France Intervenes In An Effort To Restart Israeli-Syrian Talks

By Julie Stahl | July 7, 2008 | 8:07 PM EDT

Jerusalem ( - Israeli Prime Minister Ehud Barak arrived Monday in Paris, where he is scheduled to meet French President Jacques Chirac, a day after Chirac met Syrian President Hafez Assad's son and groomed successor, Bashar.

While in Paris, Barak will also attend a Socialist International meeting, hold talks with Egyptian President Hosni Mubarak, and possibly meet Palestinian Authority Chairman Yasser Arafat.

He has expressed confidence that "in the next few weeks or months talks with Syria will begin."

"[Hafez] Assad is an impressive, strong and responsible leader," Barak told Israeli Army radio Sunday. "He is our adversary. He is not a Zionist. He is concerned with Syrian interests, but he is the man who will lead to a peace agreement with Syria."

After Bashar Assad's meeting with Chirac, the younger Assad said he had brought no message from his father, but that "if there are good intentions," peace talks between Israel and Syria could resume.

France is keen to play a mediating role between Israel and Syria, despite unfruitful efforts in the past.

Despite this, Bashar Assad said Europe could play a "very important role" alongside the U.S. in talks between the two Middle East nations.

Assad, 36, is being groomed by his ailing father to assume leadership of Syria. His meeting with Chirac was his first with a Western leader.

In an interview with the French newspaper, La Figuero, he said Syria was working under the assumption that a peace agreement would be reached with Israel. He reiterated his father's stance that negotiations resume where they broke off in 1996.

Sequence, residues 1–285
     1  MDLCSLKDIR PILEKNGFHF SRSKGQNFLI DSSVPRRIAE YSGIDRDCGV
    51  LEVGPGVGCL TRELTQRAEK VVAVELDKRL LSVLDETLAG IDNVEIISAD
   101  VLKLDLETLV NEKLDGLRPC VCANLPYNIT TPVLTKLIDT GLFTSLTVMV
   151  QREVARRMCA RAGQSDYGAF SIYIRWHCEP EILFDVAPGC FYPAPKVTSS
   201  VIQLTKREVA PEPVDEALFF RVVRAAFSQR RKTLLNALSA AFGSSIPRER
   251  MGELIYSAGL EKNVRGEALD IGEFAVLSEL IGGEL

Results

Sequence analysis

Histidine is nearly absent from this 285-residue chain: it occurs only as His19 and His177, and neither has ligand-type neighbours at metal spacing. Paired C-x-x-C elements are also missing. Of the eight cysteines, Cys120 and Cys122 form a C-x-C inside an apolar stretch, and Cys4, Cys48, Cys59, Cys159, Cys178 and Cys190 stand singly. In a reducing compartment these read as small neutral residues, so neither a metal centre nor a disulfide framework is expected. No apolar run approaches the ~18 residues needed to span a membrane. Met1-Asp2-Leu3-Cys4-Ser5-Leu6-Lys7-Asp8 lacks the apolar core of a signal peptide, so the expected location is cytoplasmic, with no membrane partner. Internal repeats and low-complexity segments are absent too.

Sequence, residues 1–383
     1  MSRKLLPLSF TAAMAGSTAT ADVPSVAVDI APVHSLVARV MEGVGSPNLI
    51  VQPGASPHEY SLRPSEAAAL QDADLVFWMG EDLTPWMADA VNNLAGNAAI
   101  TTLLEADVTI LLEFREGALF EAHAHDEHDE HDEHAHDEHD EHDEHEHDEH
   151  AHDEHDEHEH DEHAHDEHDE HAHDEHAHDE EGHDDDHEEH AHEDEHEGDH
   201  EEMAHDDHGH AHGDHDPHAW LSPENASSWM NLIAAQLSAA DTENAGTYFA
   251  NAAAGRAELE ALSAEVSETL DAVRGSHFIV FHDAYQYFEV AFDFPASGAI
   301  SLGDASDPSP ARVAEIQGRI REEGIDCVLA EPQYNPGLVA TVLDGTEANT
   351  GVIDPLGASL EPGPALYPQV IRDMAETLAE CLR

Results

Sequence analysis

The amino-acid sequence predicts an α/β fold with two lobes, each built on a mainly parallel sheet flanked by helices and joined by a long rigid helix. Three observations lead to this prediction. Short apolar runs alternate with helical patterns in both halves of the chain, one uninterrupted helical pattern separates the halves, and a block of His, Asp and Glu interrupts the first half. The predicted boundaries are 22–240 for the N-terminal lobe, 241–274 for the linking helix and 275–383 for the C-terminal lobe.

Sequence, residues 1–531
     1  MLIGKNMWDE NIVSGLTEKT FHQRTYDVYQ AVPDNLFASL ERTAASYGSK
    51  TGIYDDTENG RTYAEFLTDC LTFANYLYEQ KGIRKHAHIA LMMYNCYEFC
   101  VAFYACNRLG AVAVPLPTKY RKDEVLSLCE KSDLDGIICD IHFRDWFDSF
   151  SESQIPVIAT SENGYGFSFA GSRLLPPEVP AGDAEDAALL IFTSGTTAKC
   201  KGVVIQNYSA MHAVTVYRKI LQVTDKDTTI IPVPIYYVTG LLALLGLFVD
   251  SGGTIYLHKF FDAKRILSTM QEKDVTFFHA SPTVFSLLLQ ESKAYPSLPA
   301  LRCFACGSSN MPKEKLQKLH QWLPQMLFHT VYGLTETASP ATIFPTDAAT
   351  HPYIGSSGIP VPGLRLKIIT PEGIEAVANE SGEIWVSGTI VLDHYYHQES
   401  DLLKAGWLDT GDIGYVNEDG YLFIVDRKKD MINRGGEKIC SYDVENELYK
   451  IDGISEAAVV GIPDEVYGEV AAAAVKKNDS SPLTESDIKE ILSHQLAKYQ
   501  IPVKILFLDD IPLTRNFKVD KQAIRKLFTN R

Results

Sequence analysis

That point, as far as Damascus is concerned, was with an alleged promise by the late Prime Minister Yitzhak Rabin - via a U.S. diplomat - for a complete Israeli withdrawal from the Golan Heights. Israel has denied such a promise was made.

A State Department official disappointed Syria last week when he said Israel had never promised to give back the entire Golan Heights in exchange for a peace treaty.

"Nothing is agreed till everything is agreed, and there were no agreements in this area," the official was quoted as saying in Washington.

However, Syria might only have to agree to talks with Israel in order to obtain most its demands.

Former Chief of Military Intelligence Uri Saguy said "in negotiations with Jordan, the Jordanians got every grain of sand of Jordanian territory, and in the agreement with Egypt Israel withdrew from all the land. Syria knows that, and knows very well what it can get from Israel."

Saguy, who is favored as the candidate most likely to head negotiations with Syria, said Damascus knows that getting what it wants requires reciprocal action.

He predicted the biggest challenge in talks would relate to water rights, and not security. His remarks, made at a lecture in Northern Israel, were published in the Nazareth daily A Sinara.

"Syria won't get less than what Jordan and Egypt got, and at the same time Syria knows that Israel won't make do with less than what Jordan and Egypt provided," Saguy said.

Jordan and Egypt both have full diplomatic relations with Israel, relative quiet along their borders and trade agreements.

The Golan Heights, a plateau overlooking the Galilee valley, provides Israel with a strategic advantage in protecting its territory and controls 30 per cent of Israel's water resources.

Israel seized control over the Heights during the 1967 Six Day War.